Local Gym Owner Hopes Second Chance Will Make it Work

Editor’s Note: Make it Missoula has partnered with the University of Montana’s Online News class, taught by Lee Banville, to create a Citizen Journalism feature that’s all about local views, stories, and issues. We’re excited to provide them with a platform so they can objectively explore and report about the topics they think reflect the lives and times of Missoula and its citizens.

By AUSTIN GREEN

The faint odors of rubber and sweat filled the warehouse. Piercing guitars and funky bass-lines throbbed out of one elevated speaker, clashing with the shouts of one muscle-bound man.

“We move as a group! Don’t quit! Don’t quit!”

His commands were directed a dozen fit young men, members of the Maulers, Missoula’s semi-pro hockey team, and the latest guinea pigs in Mike Scialabba’s ongoing fitness experiment.

The Missoula Underground Strength Training gym

Mike Scialabba hopes his new gym has found the secret to success in the highly competitive fitnessindustry.

Scialabba, owner of Missoula Underground Strength Training, said that to succeed in the local fitness scene, you have to “find a niche and carve the f***ing s*** out of it.” As 11 young hockey players sat breathless in the turf-laden warehouse, it became apparent that Scialabba has found his niche… at least for now.

The U.S. fitness industry is growing almost as fast as the average American’s waistline. Shrewd gym owners are riding Americans’ chubby coattails to impressive growth, with revenue from gyms, health clubs and Pilates and yoga studios increasing by 11 percent from 2007 to 2012, according to industry research.

While the industry is flourishing nationwide, the trail to financial success is littered with misguided and ill-prepared entrepreneurs. According to Scialabba and others, the fitness world can be dangerously fickle, as fads routinely gain momentum, dominate the industry, and then evaporate as quickly as they emerged. Ride the wrong wave at the wrong time, and watch your business crumble.

Scialabba knows that all too well.

He seems to possess all the attributes a successful trainer and gym owner needs — an affable personality, manic work ethic and open mind. He honed his training skills at Gold’s Gym in Missoula, conducting 45 to 50 one-on-one sessions per week and earning $40 an hour.

Scialabba built a loyal following in his five years at Gold’s. He thought his success would continue when he opened his own studio.

He was wrong.

Scialabba opened the doors of Strength Advantage — located above First Montana Bank on Higgins Ave. — in January of 2008. By October, his business was failing and he was scrambling to pay his bills. He closed shop, put all his equipment in storage and tried to regroup.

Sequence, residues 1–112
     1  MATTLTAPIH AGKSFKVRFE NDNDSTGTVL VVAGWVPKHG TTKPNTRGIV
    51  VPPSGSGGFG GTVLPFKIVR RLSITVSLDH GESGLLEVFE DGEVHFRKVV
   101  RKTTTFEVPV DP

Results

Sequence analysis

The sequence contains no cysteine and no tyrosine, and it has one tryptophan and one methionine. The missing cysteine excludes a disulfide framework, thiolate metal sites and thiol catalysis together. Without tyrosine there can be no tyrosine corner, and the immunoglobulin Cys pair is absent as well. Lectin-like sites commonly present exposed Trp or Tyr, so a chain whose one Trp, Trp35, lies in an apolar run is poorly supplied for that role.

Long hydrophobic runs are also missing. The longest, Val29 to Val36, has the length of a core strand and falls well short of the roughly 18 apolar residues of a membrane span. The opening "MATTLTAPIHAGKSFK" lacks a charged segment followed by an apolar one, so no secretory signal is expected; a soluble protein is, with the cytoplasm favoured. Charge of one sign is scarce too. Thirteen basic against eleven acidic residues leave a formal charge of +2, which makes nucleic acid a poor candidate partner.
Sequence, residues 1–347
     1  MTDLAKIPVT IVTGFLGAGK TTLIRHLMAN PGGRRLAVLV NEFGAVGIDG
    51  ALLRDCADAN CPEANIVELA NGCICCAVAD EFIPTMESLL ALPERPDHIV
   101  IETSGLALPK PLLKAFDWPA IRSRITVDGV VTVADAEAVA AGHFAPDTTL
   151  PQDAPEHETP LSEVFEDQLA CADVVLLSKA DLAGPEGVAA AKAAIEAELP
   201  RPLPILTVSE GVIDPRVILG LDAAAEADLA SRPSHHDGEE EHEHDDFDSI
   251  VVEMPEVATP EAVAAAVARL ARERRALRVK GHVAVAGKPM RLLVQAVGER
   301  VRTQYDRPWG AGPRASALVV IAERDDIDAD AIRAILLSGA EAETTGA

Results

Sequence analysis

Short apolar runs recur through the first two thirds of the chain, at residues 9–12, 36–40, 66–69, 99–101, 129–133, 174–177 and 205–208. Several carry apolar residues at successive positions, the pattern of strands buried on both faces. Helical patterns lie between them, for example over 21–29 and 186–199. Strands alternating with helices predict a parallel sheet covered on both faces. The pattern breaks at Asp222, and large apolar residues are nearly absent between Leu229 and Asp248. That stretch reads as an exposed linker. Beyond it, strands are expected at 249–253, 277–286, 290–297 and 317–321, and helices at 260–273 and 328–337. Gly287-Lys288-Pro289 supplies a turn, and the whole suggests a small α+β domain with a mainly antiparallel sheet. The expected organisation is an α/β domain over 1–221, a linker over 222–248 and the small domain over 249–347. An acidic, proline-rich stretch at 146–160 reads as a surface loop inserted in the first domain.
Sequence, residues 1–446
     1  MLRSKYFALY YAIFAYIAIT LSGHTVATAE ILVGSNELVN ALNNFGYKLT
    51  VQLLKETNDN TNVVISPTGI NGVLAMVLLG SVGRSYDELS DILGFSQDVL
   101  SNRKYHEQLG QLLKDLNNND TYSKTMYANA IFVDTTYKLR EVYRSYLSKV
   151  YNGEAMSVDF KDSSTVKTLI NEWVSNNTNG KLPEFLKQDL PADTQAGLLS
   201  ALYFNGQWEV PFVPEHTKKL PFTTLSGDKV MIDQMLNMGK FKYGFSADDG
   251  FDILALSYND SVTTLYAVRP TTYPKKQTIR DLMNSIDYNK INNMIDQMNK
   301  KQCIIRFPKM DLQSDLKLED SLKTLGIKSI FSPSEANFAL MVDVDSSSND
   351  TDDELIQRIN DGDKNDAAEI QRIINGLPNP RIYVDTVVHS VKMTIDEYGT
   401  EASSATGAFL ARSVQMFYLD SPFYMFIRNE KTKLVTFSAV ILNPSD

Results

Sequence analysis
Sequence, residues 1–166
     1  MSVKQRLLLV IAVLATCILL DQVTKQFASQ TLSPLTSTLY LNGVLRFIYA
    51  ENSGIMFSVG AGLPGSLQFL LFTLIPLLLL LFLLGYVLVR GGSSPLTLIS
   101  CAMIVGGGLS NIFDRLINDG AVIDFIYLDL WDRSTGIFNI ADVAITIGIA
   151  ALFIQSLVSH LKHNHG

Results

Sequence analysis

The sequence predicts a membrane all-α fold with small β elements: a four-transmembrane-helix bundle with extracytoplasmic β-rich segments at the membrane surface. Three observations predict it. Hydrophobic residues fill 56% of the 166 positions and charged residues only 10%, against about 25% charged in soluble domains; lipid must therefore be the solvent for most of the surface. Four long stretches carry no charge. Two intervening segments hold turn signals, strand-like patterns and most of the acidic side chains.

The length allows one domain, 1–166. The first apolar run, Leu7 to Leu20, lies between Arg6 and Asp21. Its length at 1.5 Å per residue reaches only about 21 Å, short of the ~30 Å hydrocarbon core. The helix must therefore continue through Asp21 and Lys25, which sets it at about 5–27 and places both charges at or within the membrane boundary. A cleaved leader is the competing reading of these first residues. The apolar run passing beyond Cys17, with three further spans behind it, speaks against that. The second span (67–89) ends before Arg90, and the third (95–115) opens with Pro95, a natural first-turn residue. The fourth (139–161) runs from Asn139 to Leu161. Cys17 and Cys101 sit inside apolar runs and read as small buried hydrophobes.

“I kind of threw myself right into a financial disaster,” Scialabba said. “It was poor planning. I was over-ambitious, under-prepared, over-arrogant and quickly humbled.”

Luckily for Scialabba, he learned from the demise of Strength Advantage. When the economy slowed down after 2008, he said, clients were no longer willing to pay $40 for each one-on-one personal training session.

Scialabba adopted a new business plan: find a large building at a cheap price and use it to train multiple clients at the same time. He could charge less for each client and still make money. After driving around Missoula and searching Craigslist for eight months, Scialabba finally found his sanctuary.

“We rented a dirt-cheap, s***y warehouse by the train tracks, so there was a really low overhead cost, and we just poured a little money into it and made it look awesome,” Scialabba said. “We used the one-on-ten training model, and as we were doing that and celebrating our success, other gyms were closing their doors and owners were filing for bankruptcy.”

Rent for the 7,500 square foot warehouse is just over $2,000 per month (the same space downtown would cost five figures per month), and he and his three staff members are each able to train up to 10 people at a time.

Maulers forward Viktor Steenson, a player recruited from Sweden, said the group training method has been effective for the team.

“Even though it’s a group workout, he tailors everything to the individual,” Steenson said. “If you need to take it easy one day, he’s not going to be that hard on you. But the first thing he said to us is, ‘If you’re going to be here working out, you have to work hard, and if you’re not willing to do that, I’m not going to waste my time.’”

Steenson added that Scialabba’s credentials, which includes bylines in Men’s Fitness and the unofficial title of “Missoula’s Best Personal Trainer,” make him an easy coach to trust.

While his clients are happy now, other small business owners caution Scialabba not to become complacent.

“That’s the thing with small businesses — you can’t get stagnant,” said Luke Reiker, co-owner of Strongwater, a local kayaking business that has managed to flourish even in the slow economy. “You’ve got to keep it fresh. You’ve got to try the new products and you’ve got to stay on top of everything.”

Scialabba seems to realize this.

“I think big gyms are always going to make it…the small gyms, they rise and they fall every year,” he said. “Every single year, I see a new gym go up, then fall apart… (To survive) we have to do things like be crazy passionate, crazy ambitious and crazy in love with what we do. And that’s what makes us different. People see it as soon as they walk in the door.”